As we enter July I think now seems a good time to list my favourite films of the year so far, and though there has been many that have not quite achieved their initial potential, many that I expected to be average and were average and most certainly an abundance of stinkers, there have still been some excellent films. Of course my lack of being able to see a vast majority of films on their initial cinematic release means that there may be some films already out (in the UK) that may end up appearing in my final top 10 of 2014, but here are 10 films I highly recommend to all and stand, in my view, to be the best films of the year at the end of 2014.

The basic criteria, as always, is for the film to have its initial UK cinematic release in 2014. I appreciate that a couple of the films on this list would be on 2013 lists for those in some other countries, but I first saw them in 2014 (when released here in the UK) and therefore deserve to be on this list.

Noteworthy mentions that did not quite make it into my top 10:

Exhibition (Joanna Hogg), The Invisible Woman (Ralph Fiennes), Stranger by the Lake (Alain Guiraudie), Wrinkles (Ignacio Ferreras), Bastards (Claire Denis), 1: Life on the Limit (Paul Crowder), Inside Lleweyn Davis (Joel Coen and Ethan Coen), Dallas Buyers Club (Jean-Marc Vallée), Her (Spike Jonze). Reviews of all these can be found by clicking on ‘The Best of 2014’ in categories on the right hand side.

10. The Raid 2 (Gareth Evans)


Though certainly not “the greatest action film ever” (as is quoted on the poster) in my view, as it was too long and very light on actual plot, none of us actually watched The Raid 2 for its thoughtful plotting did we? Evans set the bar phenomenally high with The Raid’s unparalleled action sequences, and somehow surpassed that here with some phenomenally staged and downright bonkers action set pieces that truly take the breath away, proving that old school physical fisticuffs are far more thrilling than CGI.

To read my review, click here

9. Edge of Tomorrow (Doug Liman)


If you had asked me at the start of the year what my favourite action blockbuster of the year so far six months later would be, and as much as I am a huge Tom Cruise fan, I would never have though it would be Edge of Tomorrow. Though the plot may be more than a little daft, the whole narrative is delivered at such a thrilling breakneck pace that we are not given chance to even question it. With a refreshing running time of less than two hours (Michael Bay take note!), Liman and Cruise inject enough humour and surprises to make the repetitive  and potentially frustrating narrative tremendous fun and never wear thin, even if the film’s climax cannot quite match the high standards set before it.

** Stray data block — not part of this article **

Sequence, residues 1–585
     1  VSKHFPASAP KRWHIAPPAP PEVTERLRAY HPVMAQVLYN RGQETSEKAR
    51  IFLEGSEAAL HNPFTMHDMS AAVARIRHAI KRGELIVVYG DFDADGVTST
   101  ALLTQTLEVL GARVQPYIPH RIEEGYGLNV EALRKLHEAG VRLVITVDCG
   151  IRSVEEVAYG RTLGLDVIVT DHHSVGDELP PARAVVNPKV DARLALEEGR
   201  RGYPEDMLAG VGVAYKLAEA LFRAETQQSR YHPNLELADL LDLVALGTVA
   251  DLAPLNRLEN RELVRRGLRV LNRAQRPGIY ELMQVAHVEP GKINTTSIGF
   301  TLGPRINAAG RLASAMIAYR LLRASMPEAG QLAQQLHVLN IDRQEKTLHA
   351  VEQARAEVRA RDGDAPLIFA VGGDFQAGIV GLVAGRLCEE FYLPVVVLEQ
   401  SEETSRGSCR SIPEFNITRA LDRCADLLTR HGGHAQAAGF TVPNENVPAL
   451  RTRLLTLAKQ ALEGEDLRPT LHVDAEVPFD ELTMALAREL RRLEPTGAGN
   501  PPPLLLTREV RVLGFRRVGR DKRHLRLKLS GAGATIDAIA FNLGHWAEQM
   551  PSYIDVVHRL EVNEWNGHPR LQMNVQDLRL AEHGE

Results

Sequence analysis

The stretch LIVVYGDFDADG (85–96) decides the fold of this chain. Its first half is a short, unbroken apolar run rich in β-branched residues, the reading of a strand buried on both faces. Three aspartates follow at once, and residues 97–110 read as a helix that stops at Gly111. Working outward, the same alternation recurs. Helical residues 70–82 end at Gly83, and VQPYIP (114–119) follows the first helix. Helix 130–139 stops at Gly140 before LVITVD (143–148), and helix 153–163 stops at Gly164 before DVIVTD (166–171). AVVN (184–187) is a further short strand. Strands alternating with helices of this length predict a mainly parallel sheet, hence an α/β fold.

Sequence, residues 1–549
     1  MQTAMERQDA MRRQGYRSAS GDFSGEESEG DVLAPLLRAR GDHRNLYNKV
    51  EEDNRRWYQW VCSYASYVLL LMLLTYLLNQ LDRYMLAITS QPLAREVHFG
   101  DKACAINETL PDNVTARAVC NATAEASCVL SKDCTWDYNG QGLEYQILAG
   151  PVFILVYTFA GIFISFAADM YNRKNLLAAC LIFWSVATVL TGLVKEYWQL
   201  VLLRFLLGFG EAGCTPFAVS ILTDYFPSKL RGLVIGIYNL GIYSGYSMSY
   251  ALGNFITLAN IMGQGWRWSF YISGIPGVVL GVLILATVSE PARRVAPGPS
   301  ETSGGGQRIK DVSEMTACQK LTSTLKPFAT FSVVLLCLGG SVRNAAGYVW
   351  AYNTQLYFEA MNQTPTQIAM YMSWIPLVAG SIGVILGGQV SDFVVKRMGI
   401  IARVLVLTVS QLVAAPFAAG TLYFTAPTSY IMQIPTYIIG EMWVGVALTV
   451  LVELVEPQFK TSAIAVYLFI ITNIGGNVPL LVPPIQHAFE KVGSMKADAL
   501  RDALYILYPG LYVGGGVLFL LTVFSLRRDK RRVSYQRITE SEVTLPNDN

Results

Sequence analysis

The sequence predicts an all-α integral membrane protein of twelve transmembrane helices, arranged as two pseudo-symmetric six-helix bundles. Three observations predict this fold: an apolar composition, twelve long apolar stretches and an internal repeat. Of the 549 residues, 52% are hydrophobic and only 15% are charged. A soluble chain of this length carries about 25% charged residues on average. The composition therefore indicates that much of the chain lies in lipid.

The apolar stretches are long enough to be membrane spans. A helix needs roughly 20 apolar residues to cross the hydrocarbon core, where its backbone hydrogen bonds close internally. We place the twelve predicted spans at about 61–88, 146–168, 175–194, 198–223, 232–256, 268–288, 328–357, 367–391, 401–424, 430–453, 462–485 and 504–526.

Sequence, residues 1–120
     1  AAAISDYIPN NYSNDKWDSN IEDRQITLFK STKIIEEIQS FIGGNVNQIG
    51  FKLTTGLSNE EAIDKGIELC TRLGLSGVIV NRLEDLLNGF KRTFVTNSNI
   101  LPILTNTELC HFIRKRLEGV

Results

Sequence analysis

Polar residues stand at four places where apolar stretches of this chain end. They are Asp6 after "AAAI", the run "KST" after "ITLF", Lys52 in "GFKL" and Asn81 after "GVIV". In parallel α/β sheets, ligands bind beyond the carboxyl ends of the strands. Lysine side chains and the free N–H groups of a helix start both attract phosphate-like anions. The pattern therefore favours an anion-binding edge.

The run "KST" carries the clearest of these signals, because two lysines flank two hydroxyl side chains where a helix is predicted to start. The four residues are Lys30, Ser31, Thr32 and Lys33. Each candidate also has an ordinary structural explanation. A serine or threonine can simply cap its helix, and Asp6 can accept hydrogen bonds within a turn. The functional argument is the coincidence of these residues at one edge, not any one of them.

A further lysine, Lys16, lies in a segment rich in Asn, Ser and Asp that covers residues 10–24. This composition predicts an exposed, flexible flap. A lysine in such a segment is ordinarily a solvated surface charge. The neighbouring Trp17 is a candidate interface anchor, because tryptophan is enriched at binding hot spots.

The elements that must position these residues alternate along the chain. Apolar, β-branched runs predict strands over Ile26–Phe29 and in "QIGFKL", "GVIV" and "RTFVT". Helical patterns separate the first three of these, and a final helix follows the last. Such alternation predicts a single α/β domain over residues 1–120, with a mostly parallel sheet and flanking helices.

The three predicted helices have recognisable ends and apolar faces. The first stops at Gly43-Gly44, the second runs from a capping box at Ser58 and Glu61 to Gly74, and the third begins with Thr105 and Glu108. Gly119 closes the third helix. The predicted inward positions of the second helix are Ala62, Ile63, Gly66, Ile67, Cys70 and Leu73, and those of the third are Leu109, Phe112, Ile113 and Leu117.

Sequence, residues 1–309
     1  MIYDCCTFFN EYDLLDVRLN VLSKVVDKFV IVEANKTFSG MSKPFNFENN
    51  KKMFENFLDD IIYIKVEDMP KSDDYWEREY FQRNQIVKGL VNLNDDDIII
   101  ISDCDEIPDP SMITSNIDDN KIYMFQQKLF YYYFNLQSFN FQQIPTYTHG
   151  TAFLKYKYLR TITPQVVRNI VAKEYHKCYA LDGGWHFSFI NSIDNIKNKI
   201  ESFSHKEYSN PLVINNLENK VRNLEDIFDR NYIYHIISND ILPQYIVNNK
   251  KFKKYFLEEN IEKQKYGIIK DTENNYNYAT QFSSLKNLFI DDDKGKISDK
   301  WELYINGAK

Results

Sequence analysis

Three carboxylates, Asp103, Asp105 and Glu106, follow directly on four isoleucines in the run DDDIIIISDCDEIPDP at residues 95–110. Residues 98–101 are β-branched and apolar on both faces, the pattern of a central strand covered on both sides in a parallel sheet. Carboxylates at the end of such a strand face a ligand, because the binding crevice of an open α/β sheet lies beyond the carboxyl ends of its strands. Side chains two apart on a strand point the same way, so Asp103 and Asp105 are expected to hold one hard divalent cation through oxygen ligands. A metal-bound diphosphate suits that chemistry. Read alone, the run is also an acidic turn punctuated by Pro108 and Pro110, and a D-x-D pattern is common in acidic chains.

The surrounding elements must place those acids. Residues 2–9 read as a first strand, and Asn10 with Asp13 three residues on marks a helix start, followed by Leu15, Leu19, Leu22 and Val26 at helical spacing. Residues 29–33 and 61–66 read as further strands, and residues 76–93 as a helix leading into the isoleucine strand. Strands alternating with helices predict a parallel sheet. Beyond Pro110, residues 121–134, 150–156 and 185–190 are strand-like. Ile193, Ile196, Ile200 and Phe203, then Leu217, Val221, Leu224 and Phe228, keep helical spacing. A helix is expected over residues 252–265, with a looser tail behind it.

To read my review, click here

8. The Past (Asghar Farhadi)


Asghar Farhadi’s A Separation was in my view one of the best films of2011 and his first film not in his mother tongue of Iranian is yet another powerful and engaging drama that explores the subtle complexities of human relationships. There are no clear heroes or villains in this film, they just demonstrate the flaws and virtues that we all have, and this along with Farhadi’s raw dialogue and the committed performances, makes for one of the year’s most emotionally involving dramas.

To read my review, click here

7. Calvary (John Michael McDonagh)

Kelly Reilly and Brendan Gleeson in Calvary

John Michael McDonagh’s follow up to The Guard certainly still has the dark and dry humour of every film from either of the McDonagh brothers, but is so much more than that. It is a haunting and deeply engaging drama all held together by a commanding performance from Brendan Gleeson. Though the subject of the narrative may be the last days in the liufe of a priest, faith is not necessarily about religion and Calvary asks many poignant questions we can all relate to, and that combined with some dark and subtle humour throughout, makes for one of the year’s most emotionally satisfying dramas.

To read my review, click here

6. The Lego Movie (Phil Lord and Christopher Miller)


It is commonly accepted that The Lego Movie simply had no right to be as good as it was, and how good was it? It is in my view one of the funniest and most enjoyable (not to mention visually stunning; it is real Lego for God’s sake!) films of the year that manages to achieve that balance of appealing to all ages and utilise Lego’s infinite ability for total randomness, but yet still feel disciplined enough to work as a narrative. Yes the plot does descend a little into cheesy schmaltz, but with the gags coming thick and fast and the constant array of famous (Lego) cameos that is more than forgivable.